9 Grammatical Pitfalls


[loh-kal, -kahl] /loʊˈkæl, -ˈkɑl/
a place or locality, especially with reference to events or circumstances connected with it:
to move to a warmer locale.
the scene or setting, as of a novel, play, or motion picture:
The locale is a small Kansas town just before World War I.
Origin of locale
1765-75; alteration of earlier local < French: noun use of the adj. See local
Can be confused
local, locale, locality, location.
1. location, site, spot. Unabridged
Based on the Random House Dictionary, © Random House, Inc. 2015.
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Examples from the web for locales
  • Collective bargaining adheres to precedent and relies on comparisons to other unionized locales.
  • Other colleges have selected on-campus locales, however.
  • But as companies push their business into ever more remote locales, so they have sought protection against more exotic risks.
  • The choice of locales available to them is growing rapidly.
  • Farmers got trapped in their declining sector and in their depressed locales.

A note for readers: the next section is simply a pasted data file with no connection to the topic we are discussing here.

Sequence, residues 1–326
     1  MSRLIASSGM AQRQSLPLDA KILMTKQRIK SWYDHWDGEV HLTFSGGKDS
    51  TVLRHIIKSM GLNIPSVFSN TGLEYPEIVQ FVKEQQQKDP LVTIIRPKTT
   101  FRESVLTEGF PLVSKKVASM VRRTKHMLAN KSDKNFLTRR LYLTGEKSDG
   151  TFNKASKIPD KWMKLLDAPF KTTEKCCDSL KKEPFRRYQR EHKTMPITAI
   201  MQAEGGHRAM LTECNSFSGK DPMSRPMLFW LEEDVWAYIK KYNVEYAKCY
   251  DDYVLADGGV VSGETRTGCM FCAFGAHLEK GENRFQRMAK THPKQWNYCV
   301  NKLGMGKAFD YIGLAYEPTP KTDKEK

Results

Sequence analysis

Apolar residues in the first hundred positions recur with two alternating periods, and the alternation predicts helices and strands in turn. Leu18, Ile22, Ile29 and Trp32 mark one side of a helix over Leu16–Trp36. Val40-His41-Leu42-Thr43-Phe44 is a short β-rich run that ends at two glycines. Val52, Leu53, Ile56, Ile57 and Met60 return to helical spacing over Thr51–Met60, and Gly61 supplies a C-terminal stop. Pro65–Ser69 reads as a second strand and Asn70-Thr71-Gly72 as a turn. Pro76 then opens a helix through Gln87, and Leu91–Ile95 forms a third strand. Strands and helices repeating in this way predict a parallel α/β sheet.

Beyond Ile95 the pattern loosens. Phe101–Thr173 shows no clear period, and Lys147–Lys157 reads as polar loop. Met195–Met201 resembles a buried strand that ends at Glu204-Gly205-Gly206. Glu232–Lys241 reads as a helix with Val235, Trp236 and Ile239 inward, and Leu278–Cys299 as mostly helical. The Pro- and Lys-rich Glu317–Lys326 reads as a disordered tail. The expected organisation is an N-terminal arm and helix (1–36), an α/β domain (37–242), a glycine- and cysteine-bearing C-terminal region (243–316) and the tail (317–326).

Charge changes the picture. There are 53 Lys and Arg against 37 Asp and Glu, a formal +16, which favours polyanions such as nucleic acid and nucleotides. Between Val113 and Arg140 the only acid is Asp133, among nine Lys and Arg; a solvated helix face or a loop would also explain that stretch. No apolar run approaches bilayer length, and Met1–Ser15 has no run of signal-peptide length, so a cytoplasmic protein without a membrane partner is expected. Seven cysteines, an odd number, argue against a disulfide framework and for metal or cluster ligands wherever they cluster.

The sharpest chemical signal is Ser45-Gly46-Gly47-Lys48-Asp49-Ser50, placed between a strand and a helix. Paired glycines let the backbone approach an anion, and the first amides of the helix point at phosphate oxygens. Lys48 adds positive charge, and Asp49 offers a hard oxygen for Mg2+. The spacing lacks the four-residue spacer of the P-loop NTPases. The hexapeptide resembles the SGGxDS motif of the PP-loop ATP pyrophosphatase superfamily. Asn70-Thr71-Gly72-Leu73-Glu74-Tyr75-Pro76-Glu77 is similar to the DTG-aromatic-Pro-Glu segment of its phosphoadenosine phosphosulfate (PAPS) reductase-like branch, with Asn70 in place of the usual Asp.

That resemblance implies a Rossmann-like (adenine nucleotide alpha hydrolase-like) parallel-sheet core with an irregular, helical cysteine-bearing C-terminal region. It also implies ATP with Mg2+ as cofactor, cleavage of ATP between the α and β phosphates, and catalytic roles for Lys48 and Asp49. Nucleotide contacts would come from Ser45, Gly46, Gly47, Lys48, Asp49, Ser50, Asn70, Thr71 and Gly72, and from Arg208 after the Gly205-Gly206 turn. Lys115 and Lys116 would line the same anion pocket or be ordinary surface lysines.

• All that changed when bark and ambrosia beetles started making long-distance trips from the locales in which they evolved.
  • He photocopies it himself and hand-delivers it to coffee shops and other digerati-haunted locales.
  • For sales meetings, business staffers would be whisked off to exotic locales for three-day intensives.
  • Each act unfolds in real time, in precisely mapped locales, with no major improbabilities impeding the flow of events.
  • The good news, for stumblebums in other locales, is that the injury doesn't necessarily require any care at all.
British Dictionary definitions for locales


a place or area, esp with reference to events connected with it
Word Origin
C18: from French local (n use of adj); see local
Collins English Dictionary - Complete & Unabridged 2012 Digital Edition
© William Collins Sons & Co. Ltd. 1979, 1986 © HarperCollins
Publishers 1998, 2000, 2003, 2005, 2006, 2007, 2009, 2012
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Word Origin and History for locales



1772, local, from French local, noun use of local (adj.), from Latin locus "place" (see locus). English spelling with -e (1816) probably is based on morale or else to indicate stress.

The word's right to exist depends upon the question whether the two indispensable words locality & scene give all the shades of meaning required, or whether something intermediate is useful. [Fowler]

Online Etymology Dictionary, © 2010 Douglas Harper
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